Although it has been a few weeks since we set our clocks back for Daylight Savings Time, the shortening daylight has us wondering once again... What exactly is Daylight Savings Time? Why do we do it?
According to timeanddate.com, Daylight Savings Time (or DST, as the cool kids call it) is intended to make better use of daylight and save energy. The web site details the history of DST, going the whole way back to ancient civilizations. (Who knew?)
Modern DST has only been practiced for about 100 years, and despite a few bumps in the road, it is now practiced in over 70 countries.
Webexhibits.org also has a series of pages dedicated to learning about DST. Did you know, for example, about the "Daylight Saving Donut"? No, it's not a special breakfast treat you get to eat when we change the clocks. According to webexhibits.org, the donut exists in Arizona due to different observation of DST:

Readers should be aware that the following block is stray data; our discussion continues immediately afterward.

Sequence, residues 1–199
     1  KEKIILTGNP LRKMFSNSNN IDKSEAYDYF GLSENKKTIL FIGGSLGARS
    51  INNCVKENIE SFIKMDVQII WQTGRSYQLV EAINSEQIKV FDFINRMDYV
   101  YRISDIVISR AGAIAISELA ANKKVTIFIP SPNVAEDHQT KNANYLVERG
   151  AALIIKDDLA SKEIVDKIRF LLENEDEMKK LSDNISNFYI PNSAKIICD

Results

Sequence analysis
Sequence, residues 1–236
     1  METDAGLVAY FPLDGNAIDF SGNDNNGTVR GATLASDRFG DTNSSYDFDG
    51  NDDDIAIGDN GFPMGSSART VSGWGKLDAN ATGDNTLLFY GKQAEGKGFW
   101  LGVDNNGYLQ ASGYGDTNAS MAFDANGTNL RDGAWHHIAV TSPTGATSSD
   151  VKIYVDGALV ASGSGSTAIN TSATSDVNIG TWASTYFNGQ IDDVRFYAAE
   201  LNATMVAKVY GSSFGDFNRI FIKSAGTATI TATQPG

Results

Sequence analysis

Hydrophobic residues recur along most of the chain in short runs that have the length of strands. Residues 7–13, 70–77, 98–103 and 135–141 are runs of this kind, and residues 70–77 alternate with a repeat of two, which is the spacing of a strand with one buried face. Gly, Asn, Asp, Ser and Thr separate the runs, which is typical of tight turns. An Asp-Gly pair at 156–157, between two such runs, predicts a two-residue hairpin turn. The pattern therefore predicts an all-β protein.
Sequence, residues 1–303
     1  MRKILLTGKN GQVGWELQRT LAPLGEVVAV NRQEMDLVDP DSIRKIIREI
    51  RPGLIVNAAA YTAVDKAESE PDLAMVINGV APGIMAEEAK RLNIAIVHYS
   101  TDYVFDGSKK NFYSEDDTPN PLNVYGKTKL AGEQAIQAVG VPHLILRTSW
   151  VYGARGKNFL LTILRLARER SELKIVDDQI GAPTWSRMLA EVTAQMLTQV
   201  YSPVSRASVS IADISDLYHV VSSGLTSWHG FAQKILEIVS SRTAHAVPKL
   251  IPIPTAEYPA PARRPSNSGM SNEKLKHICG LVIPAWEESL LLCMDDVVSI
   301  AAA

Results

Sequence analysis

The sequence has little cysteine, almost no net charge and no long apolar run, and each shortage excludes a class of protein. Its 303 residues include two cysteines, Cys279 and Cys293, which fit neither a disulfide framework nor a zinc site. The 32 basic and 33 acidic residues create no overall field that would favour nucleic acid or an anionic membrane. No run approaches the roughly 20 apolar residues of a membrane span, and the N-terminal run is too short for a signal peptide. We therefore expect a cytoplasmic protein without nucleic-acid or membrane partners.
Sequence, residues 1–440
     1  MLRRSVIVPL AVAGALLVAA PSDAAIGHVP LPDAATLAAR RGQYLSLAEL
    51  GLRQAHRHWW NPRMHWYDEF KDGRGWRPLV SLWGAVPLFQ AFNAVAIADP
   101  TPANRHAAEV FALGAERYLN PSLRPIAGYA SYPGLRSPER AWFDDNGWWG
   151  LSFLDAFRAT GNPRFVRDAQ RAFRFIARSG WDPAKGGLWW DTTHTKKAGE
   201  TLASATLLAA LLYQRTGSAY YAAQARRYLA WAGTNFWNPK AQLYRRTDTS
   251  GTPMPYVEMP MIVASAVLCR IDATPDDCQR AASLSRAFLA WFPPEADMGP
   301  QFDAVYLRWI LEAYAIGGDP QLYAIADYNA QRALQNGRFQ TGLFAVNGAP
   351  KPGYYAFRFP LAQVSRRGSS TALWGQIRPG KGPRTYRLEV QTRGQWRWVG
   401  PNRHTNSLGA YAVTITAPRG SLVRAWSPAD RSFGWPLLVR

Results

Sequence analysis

In the U.S., Arizona doesn’t observe Daylight Saving Time, but the Navajo Nation (parts of which are in three states) does. However, the Hopi Reservation, which is entirely surrounded by the Navajo Nation, doesn’t observe DST. In effect, there is a donut-shaped area of Arizona that does observe DST, but the “hole” in the center does not.
What other interesting things do you know about DST? What did you learn from the site? Do you like DST? Let us know in the comments!